Engaging Risk by Paul Vene Smith

“College leaders have a responsibility to manage the risks while giving students room to explore, discover, construct, experiment, and experience their primary sources of studying the fullest and most direct way possible.”

I had been on the job for a little more than a month. I was still getting my bearings and learning places and names. Then one evening, the campus went on lockdown. Sort of. At this moment in history, the school had no centralized emergency system. There were no official texts, emails, phone calls, telegrams, or carrier pigeons. Though I was the Director of Housing, I had no official information to share with my residents. One of the students pointed me to the Twitter feed of Jane. Who is Jane? I had no idea. Apparently she worked in Advancement.

The next day, the administration and residence life had a meeting. We realized we were all caught off guard. We needed a better system of preparation and response. Thus began my journey into emergency and risk management. With the Vice President, I began researching systems and developing plans. It was a lot of work but it was great stuff.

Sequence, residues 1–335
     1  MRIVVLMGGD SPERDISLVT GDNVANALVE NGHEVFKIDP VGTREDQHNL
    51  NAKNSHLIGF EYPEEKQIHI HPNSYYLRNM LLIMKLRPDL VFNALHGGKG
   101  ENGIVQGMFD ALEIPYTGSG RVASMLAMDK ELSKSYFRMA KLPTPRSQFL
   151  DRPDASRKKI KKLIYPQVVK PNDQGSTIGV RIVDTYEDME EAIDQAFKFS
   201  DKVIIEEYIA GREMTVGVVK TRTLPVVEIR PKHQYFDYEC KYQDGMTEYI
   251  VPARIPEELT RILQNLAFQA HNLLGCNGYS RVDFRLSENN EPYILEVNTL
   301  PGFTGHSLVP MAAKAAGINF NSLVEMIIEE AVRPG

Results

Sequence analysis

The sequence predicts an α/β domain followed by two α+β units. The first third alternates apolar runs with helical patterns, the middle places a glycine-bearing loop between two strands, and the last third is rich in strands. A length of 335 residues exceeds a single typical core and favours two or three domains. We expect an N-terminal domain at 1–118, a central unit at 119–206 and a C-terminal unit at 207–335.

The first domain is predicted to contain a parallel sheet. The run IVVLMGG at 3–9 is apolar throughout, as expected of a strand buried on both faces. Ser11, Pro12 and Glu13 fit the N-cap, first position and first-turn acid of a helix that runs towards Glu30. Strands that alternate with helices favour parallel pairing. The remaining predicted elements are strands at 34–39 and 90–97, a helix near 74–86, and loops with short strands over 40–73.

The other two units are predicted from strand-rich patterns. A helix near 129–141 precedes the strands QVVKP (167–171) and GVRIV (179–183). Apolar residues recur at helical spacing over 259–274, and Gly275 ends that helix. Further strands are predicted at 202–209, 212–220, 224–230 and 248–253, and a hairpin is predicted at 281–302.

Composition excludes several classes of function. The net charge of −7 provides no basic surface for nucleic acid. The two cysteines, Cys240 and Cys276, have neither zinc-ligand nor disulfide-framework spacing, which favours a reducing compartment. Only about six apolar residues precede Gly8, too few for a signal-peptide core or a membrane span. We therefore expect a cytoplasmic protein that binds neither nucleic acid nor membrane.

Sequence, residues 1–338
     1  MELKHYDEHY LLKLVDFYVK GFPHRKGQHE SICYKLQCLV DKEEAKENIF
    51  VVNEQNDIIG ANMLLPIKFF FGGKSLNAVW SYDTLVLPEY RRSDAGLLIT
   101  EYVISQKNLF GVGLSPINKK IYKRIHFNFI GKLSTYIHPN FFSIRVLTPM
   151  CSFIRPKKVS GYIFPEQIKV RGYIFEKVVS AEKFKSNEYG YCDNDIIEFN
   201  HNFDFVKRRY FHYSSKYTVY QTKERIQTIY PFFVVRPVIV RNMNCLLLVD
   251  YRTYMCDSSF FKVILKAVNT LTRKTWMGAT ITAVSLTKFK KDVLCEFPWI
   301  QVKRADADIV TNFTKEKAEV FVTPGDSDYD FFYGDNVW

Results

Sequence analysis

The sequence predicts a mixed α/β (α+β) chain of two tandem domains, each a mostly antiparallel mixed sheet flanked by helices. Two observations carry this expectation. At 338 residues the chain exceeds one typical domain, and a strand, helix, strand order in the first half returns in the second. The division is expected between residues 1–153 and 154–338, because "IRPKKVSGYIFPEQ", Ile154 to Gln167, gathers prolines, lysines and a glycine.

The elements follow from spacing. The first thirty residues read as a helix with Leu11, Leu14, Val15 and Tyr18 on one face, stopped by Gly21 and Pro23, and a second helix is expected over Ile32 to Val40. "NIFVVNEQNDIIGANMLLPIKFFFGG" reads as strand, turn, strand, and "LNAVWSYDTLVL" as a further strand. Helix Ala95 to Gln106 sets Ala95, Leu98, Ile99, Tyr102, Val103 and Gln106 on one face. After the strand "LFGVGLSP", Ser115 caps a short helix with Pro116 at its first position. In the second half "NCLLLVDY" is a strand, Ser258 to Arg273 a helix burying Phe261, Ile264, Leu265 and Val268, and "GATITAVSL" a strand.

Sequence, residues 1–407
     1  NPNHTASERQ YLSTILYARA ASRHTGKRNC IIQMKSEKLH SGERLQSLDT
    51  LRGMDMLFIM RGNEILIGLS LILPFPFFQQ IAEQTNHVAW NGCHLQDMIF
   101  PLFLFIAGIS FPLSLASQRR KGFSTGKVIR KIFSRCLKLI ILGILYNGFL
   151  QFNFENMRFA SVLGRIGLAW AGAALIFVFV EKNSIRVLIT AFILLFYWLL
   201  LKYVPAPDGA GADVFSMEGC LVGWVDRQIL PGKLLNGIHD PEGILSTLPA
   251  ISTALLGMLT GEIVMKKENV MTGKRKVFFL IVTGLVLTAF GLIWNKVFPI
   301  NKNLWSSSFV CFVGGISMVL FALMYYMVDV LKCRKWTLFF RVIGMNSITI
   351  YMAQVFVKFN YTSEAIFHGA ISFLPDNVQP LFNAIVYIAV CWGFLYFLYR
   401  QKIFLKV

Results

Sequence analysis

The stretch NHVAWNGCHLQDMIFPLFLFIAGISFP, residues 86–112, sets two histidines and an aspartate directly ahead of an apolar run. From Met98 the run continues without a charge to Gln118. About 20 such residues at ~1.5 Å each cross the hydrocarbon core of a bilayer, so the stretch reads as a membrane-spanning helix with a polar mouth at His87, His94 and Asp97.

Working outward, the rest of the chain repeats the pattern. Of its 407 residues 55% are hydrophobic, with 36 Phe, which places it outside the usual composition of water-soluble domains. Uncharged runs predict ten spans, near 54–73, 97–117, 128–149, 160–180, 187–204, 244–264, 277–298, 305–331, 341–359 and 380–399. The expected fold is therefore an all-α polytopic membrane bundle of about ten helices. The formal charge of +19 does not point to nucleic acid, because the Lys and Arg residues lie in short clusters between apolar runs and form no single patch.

But all that work would have gone to waste if we didn’t create a culture of ownership. Engaging risk is a campus-wide initiative. There is no one person or one department that engages risk. Everyone needs to own it and manage it. Yes, there needs to be a person or office on campus that champions risk management and cultivates the language and culture, but everyone on campus plays a vital role. The institutional risk leader “holds primary responsibility to prompt, remind, counsel, and connect everyone else on campus with the information and resources they need.”

I really enjoyed this book. It is clearly written and understandable. I recommend this book to any college administration official.